Belize has been called many things and a paradise is definitely one of them. The Belize Audubon Society (BAS) has recognized the beauty of this country and in its quest to maintain a balance between people and the environment has done so by helping to conserve the natural wildlife of Belize. The Cockscomb Basin Wildlife Sanctuary is only one of many areas that BAS has helped to preserve. Some other reserved areas maintained by BAS are Half Moon Caye, Crooked Tree, Guanacaste National Park and the Blue Hole. To add to their long list of worthy accomplishments BAS, on September 23, 1996, held an inauguration ceremony for the Cockscomb Basin Wildlife Sanctuary's new kitchen, private cabin and dormitory.
The Cockscomb Basin wildlife Sanctuary is an area of 104,000 acres of land bordered on three sides by large mountains. Victoria Peak, the country's highest point, is found in this area. This area is a home for many species such as the Tapir, Jaguar, Puma, Paca and over 290 different species of birds, including the national bird of Belize, the Keel-billed Toucan. The Sanctuary can be reached by a six mile entrance road from the village of Maya Center in the Stann Creek District. With the opening of the new dormitory and kitchen people can visit the Sanctuary and enjoy these facilities while spending time among the lush green forests and fascinating animals of the area. Camping is still available for those who wish to do so but for those who are not eager to brave the wild, a dormitory room can be rented for $15 Bz for Belizeans/$15US for foreigners.
This great accomplishment could not have been possible without the assistance of others such as the United States Agency for International Development (USAID) and Natural Resource Management and Protection Project (NARMAP), responsible for donating the dorm & kitchen facilities, Raleigh International and The British High Commission, responsible for building and funding the private cabin.
Present at the inauguration ceremony were the British High Commissioner, His Excellency Gordon Baker, Ms. Lucy Varcoe, Expedition Leader for Raleigh in Belize and the other 17 members of the Raleigh expedition, Mr. Ernesto Saqui, Director of the Cockscomb Basin and Chairman of Maya Center Mrs. Claudia Saqui Chairwoman of the Maya Center Woman's Group, other invited guests and various members of the media. The Mistress of Ceremonies was Mrs. Therese Rath of Pelican Beach Resort. Mrs. Claudia Saqui, who read the welcome address, said that she was pleased to know the land her Mayan ancestors did such a good job of preserving was going to continue to be protected by organizations like BAS and caring surrounding communities such as Maya Center.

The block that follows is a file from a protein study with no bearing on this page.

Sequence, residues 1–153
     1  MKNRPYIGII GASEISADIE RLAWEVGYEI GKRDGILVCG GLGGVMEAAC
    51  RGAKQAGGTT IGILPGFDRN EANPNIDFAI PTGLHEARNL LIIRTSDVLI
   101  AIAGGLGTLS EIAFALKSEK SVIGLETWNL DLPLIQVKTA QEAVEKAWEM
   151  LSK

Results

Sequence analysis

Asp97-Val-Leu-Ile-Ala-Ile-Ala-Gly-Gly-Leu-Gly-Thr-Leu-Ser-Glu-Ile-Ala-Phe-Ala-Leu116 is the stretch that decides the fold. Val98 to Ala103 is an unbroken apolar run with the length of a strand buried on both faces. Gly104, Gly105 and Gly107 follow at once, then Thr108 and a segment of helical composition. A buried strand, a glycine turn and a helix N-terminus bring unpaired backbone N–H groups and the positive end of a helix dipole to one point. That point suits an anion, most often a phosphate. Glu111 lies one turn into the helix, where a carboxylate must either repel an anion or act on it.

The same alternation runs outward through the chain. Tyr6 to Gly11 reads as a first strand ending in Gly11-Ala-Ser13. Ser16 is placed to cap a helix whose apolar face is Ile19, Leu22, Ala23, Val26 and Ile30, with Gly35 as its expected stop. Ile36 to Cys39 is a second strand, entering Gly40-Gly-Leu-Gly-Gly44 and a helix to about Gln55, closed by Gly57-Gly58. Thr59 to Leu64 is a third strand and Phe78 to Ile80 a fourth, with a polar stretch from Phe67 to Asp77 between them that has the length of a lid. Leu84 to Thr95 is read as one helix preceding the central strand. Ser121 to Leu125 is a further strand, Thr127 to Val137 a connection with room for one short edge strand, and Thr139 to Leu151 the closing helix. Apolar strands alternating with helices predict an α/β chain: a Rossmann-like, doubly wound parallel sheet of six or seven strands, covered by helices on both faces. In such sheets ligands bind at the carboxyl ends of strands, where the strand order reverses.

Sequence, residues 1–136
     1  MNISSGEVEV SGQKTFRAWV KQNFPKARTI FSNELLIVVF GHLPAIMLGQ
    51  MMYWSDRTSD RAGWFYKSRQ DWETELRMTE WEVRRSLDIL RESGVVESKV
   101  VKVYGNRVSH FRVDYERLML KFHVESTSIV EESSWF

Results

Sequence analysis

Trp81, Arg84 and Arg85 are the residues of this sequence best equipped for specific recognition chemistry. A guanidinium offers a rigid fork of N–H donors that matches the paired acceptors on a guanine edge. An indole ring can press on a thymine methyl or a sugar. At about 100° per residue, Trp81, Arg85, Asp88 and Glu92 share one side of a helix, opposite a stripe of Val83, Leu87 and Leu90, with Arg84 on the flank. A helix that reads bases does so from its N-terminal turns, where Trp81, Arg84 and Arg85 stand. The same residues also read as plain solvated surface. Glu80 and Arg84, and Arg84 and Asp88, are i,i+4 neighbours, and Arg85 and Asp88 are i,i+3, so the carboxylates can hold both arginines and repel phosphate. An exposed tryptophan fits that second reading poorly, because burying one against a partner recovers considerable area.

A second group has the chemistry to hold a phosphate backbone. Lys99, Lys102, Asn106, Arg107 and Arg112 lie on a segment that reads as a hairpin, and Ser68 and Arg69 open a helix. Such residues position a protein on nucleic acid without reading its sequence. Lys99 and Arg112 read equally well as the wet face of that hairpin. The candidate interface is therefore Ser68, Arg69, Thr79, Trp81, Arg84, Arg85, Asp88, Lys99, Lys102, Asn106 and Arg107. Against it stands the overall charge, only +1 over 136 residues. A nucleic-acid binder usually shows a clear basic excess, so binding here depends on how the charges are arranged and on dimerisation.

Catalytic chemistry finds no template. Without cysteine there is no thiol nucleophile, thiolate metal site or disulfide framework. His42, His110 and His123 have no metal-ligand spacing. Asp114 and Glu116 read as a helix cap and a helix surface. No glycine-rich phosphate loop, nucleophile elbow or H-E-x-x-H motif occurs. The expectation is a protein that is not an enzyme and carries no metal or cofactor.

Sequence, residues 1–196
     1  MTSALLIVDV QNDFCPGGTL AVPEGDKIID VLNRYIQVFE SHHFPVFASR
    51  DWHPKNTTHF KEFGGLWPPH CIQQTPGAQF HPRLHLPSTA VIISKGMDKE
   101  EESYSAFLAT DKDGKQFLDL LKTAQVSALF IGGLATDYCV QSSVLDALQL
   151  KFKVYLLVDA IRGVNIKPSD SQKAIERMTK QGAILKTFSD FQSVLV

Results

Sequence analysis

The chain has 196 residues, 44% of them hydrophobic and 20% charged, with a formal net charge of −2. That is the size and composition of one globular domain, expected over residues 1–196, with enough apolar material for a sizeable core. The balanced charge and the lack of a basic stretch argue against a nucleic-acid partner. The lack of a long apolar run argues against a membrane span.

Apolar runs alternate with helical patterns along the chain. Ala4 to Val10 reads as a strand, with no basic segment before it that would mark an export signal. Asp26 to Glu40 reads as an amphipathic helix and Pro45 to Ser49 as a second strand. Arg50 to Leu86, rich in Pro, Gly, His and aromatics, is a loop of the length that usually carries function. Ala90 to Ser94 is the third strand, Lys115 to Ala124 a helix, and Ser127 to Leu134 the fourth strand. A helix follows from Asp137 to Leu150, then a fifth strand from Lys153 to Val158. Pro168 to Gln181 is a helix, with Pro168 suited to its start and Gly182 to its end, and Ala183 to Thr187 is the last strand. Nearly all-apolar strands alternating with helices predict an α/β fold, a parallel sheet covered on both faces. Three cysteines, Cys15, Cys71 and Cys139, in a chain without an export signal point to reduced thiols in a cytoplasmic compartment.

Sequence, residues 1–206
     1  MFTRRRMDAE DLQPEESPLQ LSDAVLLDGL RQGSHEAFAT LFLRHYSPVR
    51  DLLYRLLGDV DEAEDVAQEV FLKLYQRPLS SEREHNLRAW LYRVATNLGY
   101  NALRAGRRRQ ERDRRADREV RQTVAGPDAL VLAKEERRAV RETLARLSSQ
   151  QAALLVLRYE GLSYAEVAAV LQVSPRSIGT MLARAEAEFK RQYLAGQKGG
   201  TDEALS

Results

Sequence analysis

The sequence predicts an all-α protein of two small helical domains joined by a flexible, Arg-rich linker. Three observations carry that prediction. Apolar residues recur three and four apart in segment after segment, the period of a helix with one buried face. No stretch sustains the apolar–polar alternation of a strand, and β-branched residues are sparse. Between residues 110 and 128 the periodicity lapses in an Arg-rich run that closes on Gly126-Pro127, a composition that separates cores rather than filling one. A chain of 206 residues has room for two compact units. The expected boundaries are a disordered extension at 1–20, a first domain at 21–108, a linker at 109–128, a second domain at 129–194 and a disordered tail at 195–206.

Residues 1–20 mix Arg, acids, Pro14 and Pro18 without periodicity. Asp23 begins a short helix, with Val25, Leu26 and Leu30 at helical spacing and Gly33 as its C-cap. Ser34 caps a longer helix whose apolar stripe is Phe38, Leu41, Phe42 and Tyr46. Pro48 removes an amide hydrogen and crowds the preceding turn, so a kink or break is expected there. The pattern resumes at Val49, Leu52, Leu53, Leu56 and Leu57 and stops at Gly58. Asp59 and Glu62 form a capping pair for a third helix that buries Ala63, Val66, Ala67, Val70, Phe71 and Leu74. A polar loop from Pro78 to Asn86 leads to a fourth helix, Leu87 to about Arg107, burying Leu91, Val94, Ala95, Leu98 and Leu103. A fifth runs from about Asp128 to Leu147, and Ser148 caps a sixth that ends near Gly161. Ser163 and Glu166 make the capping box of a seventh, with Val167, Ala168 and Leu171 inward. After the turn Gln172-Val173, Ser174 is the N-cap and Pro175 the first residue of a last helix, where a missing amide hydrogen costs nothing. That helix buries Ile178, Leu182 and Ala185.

The Keynote Address was given by His Excellency, Mr. Gordon Baker. Mr. Baker spoke of the wonderful relationship that ensued between the commision and Raleigh International because of the Cockscomb Wildlife Sanctuary project. He also said that he was looking forward to continuing his relationship with Raleigh and to assist in the realization of other worthy projects. Ms. Lucy Varcoe, Raleigh expedition leader in Belize, said that the Cockscomb Basin Wildlife Sanctuary was one of her favorite projects and that she was grateful to the British High Commissioner for providing the funding for the private cabin and giving Raleigh the opportunity to be a part of the Cockscomb project. Ms. Varcoe went on to explain that Raleigh is a youth development charity that works to improve the venturers, contributing manual labour to the projects and bettering communities. Ms. Varcoe urged Belizean youths from 17 to 25 years of age to become involved in Raleigh; information or application forms can be obtained in Ladyville at the Raleigh Base (025-2602) or from Diane Hall at the Ministry of Youth. She said suitable persons should be 17 to 25 years old, speak English and be able to swim 200 yards.
The Vote of Thanks was given by Mr. Ernesto Saqui. He stressed the importance of supporting organizations that promote conservation such as BAS and said "If the wildlife knew how important today was they would be seated next to us." After lunch people who were interested in strolling along the trails were escorted by designated tour guides. The trails were recently improved by the Raleigh venturers while they were at the Sanctuary. Mr. Saqui encouraged Belizeans to visit the Cockscomb - for a small fee, that is used to maintain the surroundings, they can enjoy the beauty of their country.